After the official fighting ended, the frustrations and conditions that led to the Red Stick War were magnified. The Treaty of Fort Jackson (1814) fundamentally eliminated the Creek presence in Georgia by mandating the Creek cede 22 million acres to the United States. At the same time, the national council and a centralized police force called “law menders” punished the Red Sticks, turning the cane breaks of lower Alabama into killing fields. Many Red Sticks were forced to flee into Florida, where they joined others in an amorphous group widely known as Seminoles. Many of the Red Sticks ultimately became part of the Cow Creek community near Lake Okeechobee. Today, this community is the Brighton Reservation of the Seminole Tribe of Florida.25
With less land, mounting debts, and a weakened military, the Creeks struggled to resist attempts by the United States to push them west. The national council, led by McIntosh, forged a series of alliances with the United States that strengthened the council at the expense of Creek sovereignty. However, the council and its leaders became increasingly beholden to the United States, whose resources provided the council with much of its power. In return for financial and other interests, the council ceded lands, aided in the construction of the federal road, relinquished legal power to the United States, and continued to initiate the reforms that Hawkins began a generation earlier. The council created written laws, enforced policies with its “law menders,” and used the two together to protect the propertied interests in Creek society.26
In 1825, McIntosh and some of his supporters signed the Treaty of Indian Springs and relinquished most of the Creek lands in Georgia and much of the lands east of the Mississippi. In exchange, McIntosh received financial considerations and the Creeks received various promises for their resettlement in the west. The law menders executed McIntosh for treason; ironically, it was in accordance with a Creek law that McIntosh had enacted that prohibited ceding land to foreign governments. The U.S. Senate rejected the treaty on account of its illegality, but the United States quickly convinced the Creeks to relinquish their lands in the Treaty of Washington in 1826. As many Creeks moved to Indian Territory, the United States continued to push for additional cessions. In 1832, two years after the Indian Removal Act, the Creeks agreed to another removal treaty. Once again, land speculators weakened the position of the Creeks by illegally purchasing Creek lands and then making their claims legitimate by facilitating a Second Creek War with the United States. Although Creek families continued to migrate west in the 1840s and 1850s, most of the Creeks had moved west by the end of 1836.27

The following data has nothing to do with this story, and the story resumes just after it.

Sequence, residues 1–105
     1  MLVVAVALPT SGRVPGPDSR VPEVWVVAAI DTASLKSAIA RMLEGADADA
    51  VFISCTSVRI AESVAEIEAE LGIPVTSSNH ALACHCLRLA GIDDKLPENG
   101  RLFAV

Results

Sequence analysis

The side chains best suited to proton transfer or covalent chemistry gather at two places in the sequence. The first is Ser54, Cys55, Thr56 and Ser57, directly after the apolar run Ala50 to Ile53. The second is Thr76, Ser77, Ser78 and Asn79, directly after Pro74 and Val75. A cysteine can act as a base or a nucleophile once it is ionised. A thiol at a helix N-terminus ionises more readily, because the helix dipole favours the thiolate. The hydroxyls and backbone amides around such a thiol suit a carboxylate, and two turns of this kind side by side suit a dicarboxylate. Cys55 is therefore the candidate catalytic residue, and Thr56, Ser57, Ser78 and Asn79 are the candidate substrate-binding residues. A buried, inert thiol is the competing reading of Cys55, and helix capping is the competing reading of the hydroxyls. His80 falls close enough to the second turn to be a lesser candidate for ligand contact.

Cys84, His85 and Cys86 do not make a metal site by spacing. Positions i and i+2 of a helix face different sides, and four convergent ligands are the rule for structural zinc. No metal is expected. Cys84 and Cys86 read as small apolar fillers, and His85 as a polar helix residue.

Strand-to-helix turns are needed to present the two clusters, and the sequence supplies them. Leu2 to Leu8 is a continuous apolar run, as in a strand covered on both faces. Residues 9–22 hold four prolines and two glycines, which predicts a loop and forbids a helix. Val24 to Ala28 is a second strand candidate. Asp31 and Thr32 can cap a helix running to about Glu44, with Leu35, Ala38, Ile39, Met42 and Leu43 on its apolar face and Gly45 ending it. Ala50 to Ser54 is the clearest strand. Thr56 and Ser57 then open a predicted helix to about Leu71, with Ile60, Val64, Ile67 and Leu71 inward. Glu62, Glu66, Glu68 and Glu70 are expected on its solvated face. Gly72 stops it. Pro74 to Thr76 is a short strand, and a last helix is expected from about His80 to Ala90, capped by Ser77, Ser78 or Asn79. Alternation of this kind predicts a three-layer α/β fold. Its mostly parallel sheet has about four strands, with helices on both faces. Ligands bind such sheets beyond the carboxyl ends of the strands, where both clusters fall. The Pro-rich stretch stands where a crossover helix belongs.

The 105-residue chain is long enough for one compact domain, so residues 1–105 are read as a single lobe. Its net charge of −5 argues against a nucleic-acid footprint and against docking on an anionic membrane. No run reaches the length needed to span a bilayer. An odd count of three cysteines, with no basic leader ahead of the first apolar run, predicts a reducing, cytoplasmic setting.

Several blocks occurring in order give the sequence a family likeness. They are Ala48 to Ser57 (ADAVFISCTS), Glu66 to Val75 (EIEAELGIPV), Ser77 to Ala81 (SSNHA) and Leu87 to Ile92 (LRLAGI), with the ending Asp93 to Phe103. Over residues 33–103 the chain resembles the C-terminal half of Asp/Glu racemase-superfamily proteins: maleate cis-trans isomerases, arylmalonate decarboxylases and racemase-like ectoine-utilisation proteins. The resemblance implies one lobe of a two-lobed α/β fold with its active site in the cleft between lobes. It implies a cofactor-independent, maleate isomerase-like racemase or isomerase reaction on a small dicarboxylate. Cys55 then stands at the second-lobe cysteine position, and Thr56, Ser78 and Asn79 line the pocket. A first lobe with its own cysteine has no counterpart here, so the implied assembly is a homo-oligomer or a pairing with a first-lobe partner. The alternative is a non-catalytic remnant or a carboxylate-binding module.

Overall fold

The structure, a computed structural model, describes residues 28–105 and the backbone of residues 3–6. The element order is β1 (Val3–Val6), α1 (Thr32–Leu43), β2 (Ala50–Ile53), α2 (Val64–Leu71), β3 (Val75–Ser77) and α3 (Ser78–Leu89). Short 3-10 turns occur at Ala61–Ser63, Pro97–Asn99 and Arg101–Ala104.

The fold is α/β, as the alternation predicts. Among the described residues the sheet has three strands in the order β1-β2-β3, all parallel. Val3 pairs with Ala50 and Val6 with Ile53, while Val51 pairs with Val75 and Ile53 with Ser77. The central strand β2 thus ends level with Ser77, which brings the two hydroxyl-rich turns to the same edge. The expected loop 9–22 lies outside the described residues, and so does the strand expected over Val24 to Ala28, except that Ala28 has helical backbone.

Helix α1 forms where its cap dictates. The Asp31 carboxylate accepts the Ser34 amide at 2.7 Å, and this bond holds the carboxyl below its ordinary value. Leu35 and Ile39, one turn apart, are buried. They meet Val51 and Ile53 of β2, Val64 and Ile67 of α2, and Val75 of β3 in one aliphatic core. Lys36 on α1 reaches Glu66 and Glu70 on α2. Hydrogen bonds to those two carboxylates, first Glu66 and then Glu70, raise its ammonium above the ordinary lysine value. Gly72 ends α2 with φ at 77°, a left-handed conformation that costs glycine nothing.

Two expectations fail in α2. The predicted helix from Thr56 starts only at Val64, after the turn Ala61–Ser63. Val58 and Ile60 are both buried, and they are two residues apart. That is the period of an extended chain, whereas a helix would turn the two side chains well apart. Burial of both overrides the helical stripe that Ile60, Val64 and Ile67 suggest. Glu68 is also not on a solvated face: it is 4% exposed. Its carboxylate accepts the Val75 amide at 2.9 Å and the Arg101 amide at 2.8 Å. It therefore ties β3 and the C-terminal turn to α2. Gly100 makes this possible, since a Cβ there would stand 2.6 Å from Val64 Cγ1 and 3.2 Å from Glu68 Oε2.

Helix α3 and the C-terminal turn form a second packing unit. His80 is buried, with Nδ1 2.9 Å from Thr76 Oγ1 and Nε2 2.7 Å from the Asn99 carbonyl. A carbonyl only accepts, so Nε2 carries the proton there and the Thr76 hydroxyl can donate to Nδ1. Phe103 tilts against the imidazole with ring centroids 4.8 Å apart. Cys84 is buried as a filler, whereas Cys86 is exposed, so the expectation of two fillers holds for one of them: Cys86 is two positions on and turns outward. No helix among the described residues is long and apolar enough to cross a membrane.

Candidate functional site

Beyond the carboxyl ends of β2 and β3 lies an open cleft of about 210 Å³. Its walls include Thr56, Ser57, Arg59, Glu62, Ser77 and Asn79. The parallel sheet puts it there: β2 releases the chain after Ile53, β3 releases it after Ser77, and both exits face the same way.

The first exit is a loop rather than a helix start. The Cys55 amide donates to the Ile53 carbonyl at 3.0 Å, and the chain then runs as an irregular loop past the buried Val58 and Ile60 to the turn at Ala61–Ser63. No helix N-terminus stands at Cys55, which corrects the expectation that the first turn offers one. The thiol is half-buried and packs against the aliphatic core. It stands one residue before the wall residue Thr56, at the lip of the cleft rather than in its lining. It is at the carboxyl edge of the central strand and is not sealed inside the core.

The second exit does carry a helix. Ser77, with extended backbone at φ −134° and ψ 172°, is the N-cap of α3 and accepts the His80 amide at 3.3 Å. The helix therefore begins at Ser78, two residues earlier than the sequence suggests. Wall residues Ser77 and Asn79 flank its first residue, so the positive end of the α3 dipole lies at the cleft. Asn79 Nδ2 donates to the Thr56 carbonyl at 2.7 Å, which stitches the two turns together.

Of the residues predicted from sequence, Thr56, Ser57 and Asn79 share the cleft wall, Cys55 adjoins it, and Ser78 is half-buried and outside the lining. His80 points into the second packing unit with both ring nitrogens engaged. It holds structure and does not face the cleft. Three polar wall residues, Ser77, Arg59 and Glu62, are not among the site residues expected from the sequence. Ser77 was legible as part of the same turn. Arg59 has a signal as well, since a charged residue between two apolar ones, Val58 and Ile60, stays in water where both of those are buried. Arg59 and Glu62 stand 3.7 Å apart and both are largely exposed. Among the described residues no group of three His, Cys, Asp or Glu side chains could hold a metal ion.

Discussion of the Literature
Scholars’ understanding of the Creek Confederacy has undergone a significant transformation in the last two decades. Although there are many debates, a few overlapping issues are paramount. Scholars disagree over the origins of Creek society, the balance between town autonomy and the national council, the causes of the Red Stick War, and the nature of cultural change in Creek society.
Until the rise of “modern Indian history” in the 1970s, most scholars imagined that the Creeks existed as an ancient indigenous tribe who confronted the earliest European newcomers who came to the southeast. John Reed Swanton and other anthropologists explained how the Creeks suffered at the hands of Spanish conquistadors and how an unbroken history connected them with the ancient past.28 As historians became more comfortable with archaeology and Spanish archives, this understanding of Creek origins quickly gave way to seeing the Creeks as a descendant group of the ancient Mississippians. The debate then turned to the timing of the collapse of the chiefdoms. Following Alfred Crosby’s “Virgin Soil Epidemics” thesis, scholars in the 1990s and early 2000s largely emphasized a rapid disease-induced decline of the Mississippians and the quick emergence of the Creeks in the 1700s. Recently, scholars like Paul Kelton and Robbie Ethridge have overturned interpretations that treat disease as an unintended consequence of contact. Instead, they emphasize the durability of the ancient world. Instead, the English slave trade, capitalism, and European colonialism led to the decline of the Mississippian world and the coalescence of the Creek people in the late 1700s.29